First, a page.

It’s not so dumb: Why I’m better off with my flip-phone

flip-phone

Life with a flip-phone is nothing to be nervous about

Last summer, when it seemed everyone was lining up around the block for a new iPhone5, I spotted the shortest line at the Verizon store: the one for the flip-phone. So, I stood in it.

“You’ll be the only person in Brooklyn with a flip-phone.” The salesman told me, menacingly. I told him not to be silly.

Turns out he was right, sort of. According to an outdated survey done almost a year ago, only 61 percent of Americans use smart-phones – but, as soon as I got to Brooklyn, I realized my phone was going to be pretty lonely. Everyone, from the eight-year old next to me on the train to the doorman at my office appears deeply absorbed in games of Candy Crush at all times. But even though I really like candy, I’m not jealous. You might be carrying around a tiny computer in your pocket, but there are plenty of reasons why I’m doing just fine with my Verizon Samsung Gusto 2 U-365 Phone:

A flip-phone is cheap
This isn’t some ironic statement or a protest about wishing things were simpler. The truth is, someday, I will probably buy a smart phone. But right now, plans for smart phones generally cost twice as much as they do for flip-phones (mo’ data, mo’ problems), and I just can’t afford to take the leap. Flip-phones are so cheap in fact, that sometimes you can find one on eBay for less than a dollar. Because I was lazy and bought a new one, I paid about twenty dollars for mine — but the plan is also $35 a month, as opposed to $90. 

It actually works as a phone
A flip-phone is no unreliable pony express! I can dial someone’s number and talk to them in SECONDS. Rumor has it that this isn’t always the case with smart phones. Because my phone only has two functions (1. Text 2. Call) I don’t have to wade through a bunch of apps to find the app that makes phone calls happen.

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My flip-phone, in all of its glory

It forces you to communicate with the world around you
I had never been to New York for more than four days before I moved here last month, which means that I operate in a near-constant state of bewilderment. I can’t look up directions on my phone, so I have to do it the way so many people before me used to: I have to be brave and ask New Yorkers for them. And I’ve been delighted by the niceness of strangers: respective shouts out to the hot bassist on the G, the French exchange student walking on Willoughby and the benevolent dude on the B52 the other night.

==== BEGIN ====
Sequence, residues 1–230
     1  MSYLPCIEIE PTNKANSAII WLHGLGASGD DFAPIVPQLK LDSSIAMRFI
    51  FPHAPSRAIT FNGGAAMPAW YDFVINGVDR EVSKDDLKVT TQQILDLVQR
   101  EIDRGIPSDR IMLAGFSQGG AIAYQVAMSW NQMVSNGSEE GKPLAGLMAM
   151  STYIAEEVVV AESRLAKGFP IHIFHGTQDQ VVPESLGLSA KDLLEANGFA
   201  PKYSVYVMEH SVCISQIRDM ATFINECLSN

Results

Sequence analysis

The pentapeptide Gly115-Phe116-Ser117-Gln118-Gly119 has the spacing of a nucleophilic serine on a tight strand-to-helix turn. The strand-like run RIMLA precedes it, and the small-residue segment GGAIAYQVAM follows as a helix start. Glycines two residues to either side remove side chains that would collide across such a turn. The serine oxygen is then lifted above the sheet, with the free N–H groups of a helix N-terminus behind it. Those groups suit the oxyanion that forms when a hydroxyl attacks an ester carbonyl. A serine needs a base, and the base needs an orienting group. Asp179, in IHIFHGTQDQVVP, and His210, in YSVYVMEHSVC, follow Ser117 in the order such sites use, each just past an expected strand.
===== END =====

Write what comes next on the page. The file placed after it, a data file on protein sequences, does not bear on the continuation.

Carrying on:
Really, though, unless you’re rereading that affirming text message your dad sent you for the 10th time, there is no good reason to be staring at your flip-phone. At the very least, it forces me to look up and peripherally engage with what’s going on around me.

A flip-phone is (almost) indestructible
Sometimes I accidentally drop my phone and it breaks into pieces. Everyone around me panics sympathetically. But wait! It didn’t shatter, and the screen didn’t crack, the battery just fell out! For a person who sometimes has trouble holding things, invincibility is an essential feature for a phone.

The only time my phone died when I dropped it was when I dropped it directly into a mug of coffee. But that was different: just don’t talk anywhere near hot liquids, and your flip-phone – unlike its fragile (though technically “hotter”) older cousin, the iPhone – will withstand all tribulations.

It’s infinitely customizable
Oh, you’ve got a bunny ears case for your smartphone? So does everyone else in the world. I added to my phone’s sexy gray sheen with light blue paint spots from when I painted my aunt’s kitchen last summer and kept missing the wall. It looks great!

People think it’s sexy
Once I went to a concert and a semi-famous singer asked me for my number. I was so confused by being hit on by a semi-famous singer that I forgot to flirt, but he texted me later anyways to tell me “As soon as I saw you in the club, I was entranced!” When, after an extremely delayed interval, I decided to respond to that flattering missive, his response was “Wait, were u the one with the flip-phone?”

So it’s safe to say that, rather than being entranced with me at the club, he was entranced WITH MY FLIP-PHONE AT THE CLUB. Ergo, my flip-phone makes me sexy and I feel great about it.

No butt dials
A flip-phone flips closes, making butt dials impossible. Phone — I mean, case — closed.

Follow Sarah for tweets sent by text at @eddy_sarah

4 Comment

  • Perhaps no one has commented upon this because I am the only person in New York who is on your team. But I am, sister, I am. FULL ENGAGEMENT WITH THE OUTSIDE WORLD, GO!

    • I also use a flip-phone, and I’ve never had a smart phone, and never plan to. This is because first of all, i don’t need all those fancy apps and whatnot that other phones have, i just need it for talking and texting. Also, i noticed many people are addicted to their phones, and i do not want that, i’d much rather be talking to people, and exploring the world around me than engaging in a false reality.

  • I have a smart phone now, but I didn’t when I first moved up here, and it really was more helpful than I realized! I printed out pages of directions, carried around a map, and asked for directions and LEARNED. I love having a map at my finger tips now, but not having one then really helped me learn the city and the train system so much better that I hardly need the maps now!

  • I’m with you in solidarity! Everyone thinks I’m totally weird without a smartphone, but I’m the only one who can just look after exiting the subway and know which way to go without conferring with a device! It can be kind of annoying at times, sure, but engaging with other humans and saving cash are both huge pros.